January Book Recommendations

WORDS Sara Putman, owner Bookish

Jan 1, 2023 | Books, Featured



Enjoy these four recommendations from our friends at Bookish, Fort Smith, Arkansas’s only independently owned bookstore. 


by Louise Kennedy

Cushla is a teacher by day and works at the family’s pub at night. Set in Northern Ireland during the troubles, Cushla is used to the daily reports of violence and often puts herself in harm’s way to protect her students, but she finds herself in love with an older, married man – who also happens to spend his days defending IRA members in court. This is a book of passion, turmoil, place, and how sometimes, where we are from matters more than the things we hold dear.

Don’t Cry for Me
by Daniel Black
The Arkansas Center for the Book made this epistolary novel an Arkansas Gem in 2022. It is the story of Jacob, a father who is dying and writing letters to his only son, Isaac. Through the letters, we discover their Arkansas ancestors that extended into slavery, the relationship with Isaac’s mother, and other tragedies that formed their tumultuous relationship. However, Jacob is finding peace, and Black’s book becomes one of acceptance and healing.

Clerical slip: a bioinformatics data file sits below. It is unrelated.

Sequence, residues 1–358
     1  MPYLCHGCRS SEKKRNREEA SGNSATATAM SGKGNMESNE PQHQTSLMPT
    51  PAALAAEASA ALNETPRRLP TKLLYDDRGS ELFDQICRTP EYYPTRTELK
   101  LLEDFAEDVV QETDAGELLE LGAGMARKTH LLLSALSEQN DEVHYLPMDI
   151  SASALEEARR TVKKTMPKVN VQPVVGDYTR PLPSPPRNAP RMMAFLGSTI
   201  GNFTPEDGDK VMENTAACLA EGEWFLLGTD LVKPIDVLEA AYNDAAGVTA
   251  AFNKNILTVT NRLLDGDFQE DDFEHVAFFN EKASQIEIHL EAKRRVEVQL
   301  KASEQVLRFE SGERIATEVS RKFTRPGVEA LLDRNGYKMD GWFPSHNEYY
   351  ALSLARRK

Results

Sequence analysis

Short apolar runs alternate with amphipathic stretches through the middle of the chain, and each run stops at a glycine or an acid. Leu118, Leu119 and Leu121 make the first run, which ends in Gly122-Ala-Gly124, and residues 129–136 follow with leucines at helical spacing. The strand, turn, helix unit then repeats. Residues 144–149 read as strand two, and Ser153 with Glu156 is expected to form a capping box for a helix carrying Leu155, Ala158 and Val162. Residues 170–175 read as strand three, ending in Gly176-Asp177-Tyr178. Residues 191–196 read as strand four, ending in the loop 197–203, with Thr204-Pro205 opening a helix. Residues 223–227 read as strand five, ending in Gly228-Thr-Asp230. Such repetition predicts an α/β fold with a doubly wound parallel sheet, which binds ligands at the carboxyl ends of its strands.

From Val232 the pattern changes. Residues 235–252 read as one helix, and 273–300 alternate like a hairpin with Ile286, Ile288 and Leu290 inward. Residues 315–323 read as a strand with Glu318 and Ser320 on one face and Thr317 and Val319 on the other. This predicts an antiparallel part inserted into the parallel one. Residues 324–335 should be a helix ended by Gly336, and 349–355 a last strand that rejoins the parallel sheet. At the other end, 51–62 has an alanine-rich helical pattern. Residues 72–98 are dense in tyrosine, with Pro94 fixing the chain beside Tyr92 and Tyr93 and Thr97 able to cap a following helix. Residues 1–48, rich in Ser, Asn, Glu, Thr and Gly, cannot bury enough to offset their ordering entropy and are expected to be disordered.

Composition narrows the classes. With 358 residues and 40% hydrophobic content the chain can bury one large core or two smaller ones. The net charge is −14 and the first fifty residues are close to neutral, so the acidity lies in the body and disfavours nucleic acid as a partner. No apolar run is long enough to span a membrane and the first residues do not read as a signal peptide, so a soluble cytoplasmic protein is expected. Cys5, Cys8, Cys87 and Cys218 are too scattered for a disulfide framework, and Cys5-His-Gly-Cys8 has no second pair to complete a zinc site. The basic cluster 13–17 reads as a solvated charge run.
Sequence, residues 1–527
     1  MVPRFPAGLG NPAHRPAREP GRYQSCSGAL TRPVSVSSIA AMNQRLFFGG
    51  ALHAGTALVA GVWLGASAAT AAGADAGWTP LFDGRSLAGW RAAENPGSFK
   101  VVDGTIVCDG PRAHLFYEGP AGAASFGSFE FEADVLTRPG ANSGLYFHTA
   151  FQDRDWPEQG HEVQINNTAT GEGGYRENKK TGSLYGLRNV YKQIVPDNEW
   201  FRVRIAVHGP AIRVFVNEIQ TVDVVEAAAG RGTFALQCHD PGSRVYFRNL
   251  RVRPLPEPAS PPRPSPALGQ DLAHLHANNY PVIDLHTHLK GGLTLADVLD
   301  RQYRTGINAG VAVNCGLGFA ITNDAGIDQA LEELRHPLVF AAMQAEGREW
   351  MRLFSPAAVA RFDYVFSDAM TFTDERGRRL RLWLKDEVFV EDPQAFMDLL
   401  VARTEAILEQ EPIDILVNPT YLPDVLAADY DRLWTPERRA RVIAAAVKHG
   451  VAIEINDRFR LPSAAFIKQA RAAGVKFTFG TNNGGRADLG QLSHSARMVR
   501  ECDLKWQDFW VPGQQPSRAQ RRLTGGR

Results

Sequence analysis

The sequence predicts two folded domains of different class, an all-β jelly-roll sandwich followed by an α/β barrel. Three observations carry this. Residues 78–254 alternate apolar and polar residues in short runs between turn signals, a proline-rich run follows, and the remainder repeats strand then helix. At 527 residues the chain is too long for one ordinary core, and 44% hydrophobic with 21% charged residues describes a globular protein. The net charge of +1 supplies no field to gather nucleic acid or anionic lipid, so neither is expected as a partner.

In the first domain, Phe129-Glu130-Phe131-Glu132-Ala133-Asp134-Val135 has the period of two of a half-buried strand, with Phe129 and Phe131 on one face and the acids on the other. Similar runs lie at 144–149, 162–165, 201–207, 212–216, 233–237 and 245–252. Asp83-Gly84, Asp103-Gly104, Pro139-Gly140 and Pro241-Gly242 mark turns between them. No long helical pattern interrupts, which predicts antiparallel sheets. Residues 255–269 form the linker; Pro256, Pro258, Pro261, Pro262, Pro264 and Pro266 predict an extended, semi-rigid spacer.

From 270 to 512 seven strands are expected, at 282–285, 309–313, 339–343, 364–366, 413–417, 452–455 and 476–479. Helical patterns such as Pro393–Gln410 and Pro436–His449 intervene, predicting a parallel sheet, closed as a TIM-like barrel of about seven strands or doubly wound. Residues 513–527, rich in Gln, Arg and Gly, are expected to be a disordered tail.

Learning to Talk
by Hilary Mantel
This is a collection of short stories by the late Hilary Mantel that is loosely autobiographical. They are mostly centered on her childhood in England in the 1950s and the young narrators allow Mantel to create a lighter touch while carving out childhood experiences most readers will be able to connect to. Through the tales, Mantel covers heritage, grief, identity, and language. It is warm and hopeful, and each story is a sweet morsel of truth.

We Are the Light
by Matthew Quick
Fiction is putting regular people in impossible situations, and that’s exactly what Quick does in his newest book. While Lucas Goodgame grieves the loss of his wife, he finds a young man – who has been ostracized by the community – camping out in his backyard. Rather than calling the police, the two join forces and embark on a journey that will change lives in their community and heal their own hearts. This is an uplifting read and perfect for the last leg of winter.

Do South Magazine

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